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Couple eyes composting program for Gananoque

By: Heddy Sorour, Local Journalism Initiative Reporter

The town of Gananoque does not currently have a municipal composting program. One young entrepreneur is proposing to change that deficit.

Tikvah Mindorff is a Gananoque resident who would like to open up a composting business in partnership with the town.

“The program would run according to the same recycling schedule in town, and there would be a membership initiation fee, in order to provide a curbside green bin and smaller kitchen caddy and fridge magnet explaining what can and can’t go into the bins,” said Mindorff.

Right now the membership fee is in the $45 range. This would be a private business offering residents a service that could help the town divert as much as 43 per cent of its waste.

“Presenting to the Gananoque Green group was hopefully a good start; Tikvah did a wonderful job and was passionate about her idea. As this moves along I suspect steps need to be determined including what needs to happen next and who needs to do what,” said Coun. David Osmond, who along with Mayor Ted Lojko is generally supportive of the idea.

There has been some private discussion about whether the town would subsidize the program in return for an expected reduction in tipping fees, or whether simply to allow residents to choose the service on their own and gauge the interest through memberships.

Mindorff is planning to use a mechanical composting system as opposed to field composting.

“The machine is very expensive so I’m hoping to get an assurance from the town that we’ll have an exclusive five-year agreement for compost collection in town,” said Mindorff.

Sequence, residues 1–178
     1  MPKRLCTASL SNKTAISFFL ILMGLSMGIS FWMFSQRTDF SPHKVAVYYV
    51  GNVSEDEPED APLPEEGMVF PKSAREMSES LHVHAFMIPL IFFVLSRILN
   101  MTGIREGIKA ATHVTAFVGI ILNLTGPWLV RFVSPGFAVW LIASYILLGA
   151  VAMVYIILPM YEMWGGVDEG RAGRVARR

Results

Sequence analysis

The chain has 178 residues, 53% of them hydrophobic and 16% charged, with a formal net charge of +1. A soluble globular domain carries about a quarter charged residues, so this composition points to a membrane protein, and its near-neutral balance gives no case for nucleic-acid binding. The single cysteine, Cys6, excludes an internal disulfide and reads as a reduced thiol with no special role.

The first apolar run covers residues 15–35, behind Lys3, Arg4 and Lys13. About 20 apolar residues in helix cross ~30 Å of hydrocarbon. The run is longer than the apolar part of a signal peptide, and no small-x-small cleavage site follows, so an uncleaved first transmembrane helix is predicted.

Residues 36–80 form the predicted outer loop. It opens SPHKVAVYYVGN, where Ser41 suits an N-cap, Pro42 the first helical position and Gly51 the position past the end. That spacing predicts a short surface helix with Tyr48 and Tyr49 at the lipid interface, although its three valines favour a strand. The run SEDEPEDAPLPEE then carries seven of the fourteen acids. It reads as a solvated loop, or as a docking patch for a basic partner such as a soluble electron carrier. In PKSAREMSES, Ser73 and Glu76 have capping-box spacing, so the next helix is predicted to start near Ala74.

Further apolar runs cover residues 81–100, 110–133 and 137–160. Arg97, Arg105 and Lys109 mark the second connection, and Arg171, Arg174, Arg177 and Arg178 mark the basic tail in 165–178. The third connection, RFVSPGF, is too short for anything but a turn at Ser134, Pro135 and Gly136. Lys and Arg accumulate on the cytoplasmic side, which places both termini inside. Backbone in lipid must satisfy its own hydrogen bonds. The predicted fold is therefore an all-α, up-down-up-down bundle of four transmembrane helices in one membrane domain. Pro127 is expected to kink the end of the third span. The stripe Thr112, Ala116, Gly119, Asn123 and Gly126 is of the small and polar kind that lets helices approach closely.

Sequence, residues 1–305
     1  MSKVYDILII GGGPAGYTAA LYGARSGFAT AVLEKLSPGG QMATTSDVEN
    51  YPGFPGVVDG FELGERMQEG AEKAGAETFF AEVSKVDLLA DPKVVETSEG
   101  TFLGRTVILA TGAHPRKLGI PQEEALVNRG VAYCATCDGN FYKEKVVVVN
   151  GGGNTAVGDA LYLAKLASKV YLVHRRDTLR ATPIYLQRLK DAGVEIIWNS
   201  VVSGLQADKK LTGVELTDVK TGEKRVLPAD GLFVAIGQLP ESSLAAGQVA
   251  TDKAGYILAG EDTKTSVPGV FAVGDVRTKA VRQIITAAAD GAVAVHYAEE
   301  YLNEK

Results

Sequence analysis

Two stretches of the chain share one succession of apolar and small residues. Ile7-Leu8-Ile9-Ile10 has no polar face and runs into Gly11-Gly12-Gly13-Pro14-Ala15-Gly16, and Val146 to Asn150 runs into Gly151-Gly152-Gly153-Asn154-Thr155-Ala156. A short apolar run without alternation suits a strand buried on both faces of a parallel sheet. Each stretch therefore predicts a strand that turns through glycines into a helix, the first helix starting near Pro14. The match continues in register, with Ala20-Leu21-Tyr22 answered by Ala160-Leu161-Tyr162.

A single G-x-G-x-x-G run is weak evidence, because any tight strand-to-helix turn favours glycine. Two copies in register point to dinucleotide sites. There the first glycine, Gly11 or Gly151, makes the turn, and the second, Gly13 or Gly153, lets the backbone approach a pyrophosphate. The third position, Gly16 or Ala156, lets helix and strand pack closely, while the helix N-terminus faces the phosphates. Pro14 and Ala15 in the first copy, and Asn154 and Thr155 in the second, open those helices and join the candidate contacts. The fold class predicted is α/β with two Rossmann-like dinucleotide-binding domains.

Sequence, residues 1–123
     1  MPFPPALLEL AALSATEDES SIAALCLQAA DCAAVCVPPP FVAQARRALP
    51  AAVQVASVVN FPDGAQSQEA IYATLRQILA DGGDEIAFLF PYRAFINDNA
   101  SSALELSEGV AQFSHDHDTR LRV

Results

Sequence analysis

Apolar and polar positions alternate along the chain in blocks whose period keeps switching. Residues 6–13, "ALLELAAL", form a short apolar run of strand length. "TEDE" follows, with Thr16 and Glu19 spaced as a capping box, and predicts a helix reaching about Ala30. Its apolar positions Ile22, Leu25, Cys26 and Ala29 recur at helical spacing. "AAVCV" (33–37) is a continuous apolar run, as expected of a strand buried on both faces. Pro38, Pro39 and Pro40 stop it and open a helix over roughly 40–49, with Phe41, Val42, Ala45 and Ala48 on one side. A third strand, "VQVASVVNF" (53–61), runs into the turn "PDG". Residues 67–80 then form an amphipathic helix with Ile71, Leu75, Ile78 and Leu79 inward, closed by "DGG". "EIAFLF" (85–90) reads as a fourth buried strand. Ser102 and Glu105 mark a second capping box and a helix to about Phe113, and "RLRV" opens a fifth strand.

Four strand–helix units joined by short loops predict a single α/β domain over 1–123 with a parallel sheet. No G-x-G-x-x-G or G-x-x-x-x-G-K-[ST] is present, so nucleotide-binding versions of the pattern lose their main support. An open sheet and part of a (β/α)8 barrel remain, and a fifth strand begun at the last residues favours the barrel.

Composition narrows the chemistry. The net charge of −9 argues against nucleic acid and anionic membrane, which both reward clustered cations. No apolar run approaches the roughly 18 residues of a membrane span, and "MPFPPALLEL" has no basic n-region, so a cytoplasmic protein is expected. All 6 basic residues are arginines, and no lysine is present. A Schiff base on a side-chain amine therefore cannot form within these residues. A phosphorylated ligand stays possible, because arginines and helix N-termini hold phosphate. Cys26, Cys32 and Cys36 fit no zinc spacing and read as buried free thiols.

The type of machine that Mindorff and her partner Tyler Simpson are looking to use is an in-vessel composting system, not unlike the system that the University of British Columbia has installed at the university’s south campus, said Mindorff.

In-vessel composting refers to the breakdown of organic matter in a mechanized, fully enclosed vessel to produce useful nutrient-rich compost that can be used in gardens. The closed feature minimizes odours, while allowing a wider range of materials to be composted and can all be done indoors.

“We’ll be able to accept meat, dairy and fish, basically anything that was once alive can be composted,” said Mindorff.

The system this couple is eyeing is about one metre by five meters in size and can handle 2,200 pounds of compostable material per week. They’ve already calculated that they’ll need at least 550 households worth of compostable material to get off the ground.

“As for support, we need to continue the conversation, be open-minded and use a look for a ‘Yes’ approach. It’s easy to find reasons to say ‘No’ when looking for a ‘No.’ Tikvah is looking at a 2022 launch so that allows time to keep the conversations happening and manage expectations,” said Osmond.

The idea is that members, who pay into the initial start-up, would get a reduced price on the purchase of compost for their gardens and everyone else would be able to purchase the resulting compost at market value.

Mindorff will be making a presentation to council in March, and at that time will be looking for a formal partnership in the form of a memorandum of understanding, allowing them to pick up the compost in town for composting at their facility.

The idea for the business has been spurred by a desire for a more holistic way of life.

“The idea to run an agricultural/farm business stemmed initially from our mutual desire to live off grid. Composting fits really well with that idea and solves a big community-wide problem,” said Mindorff.

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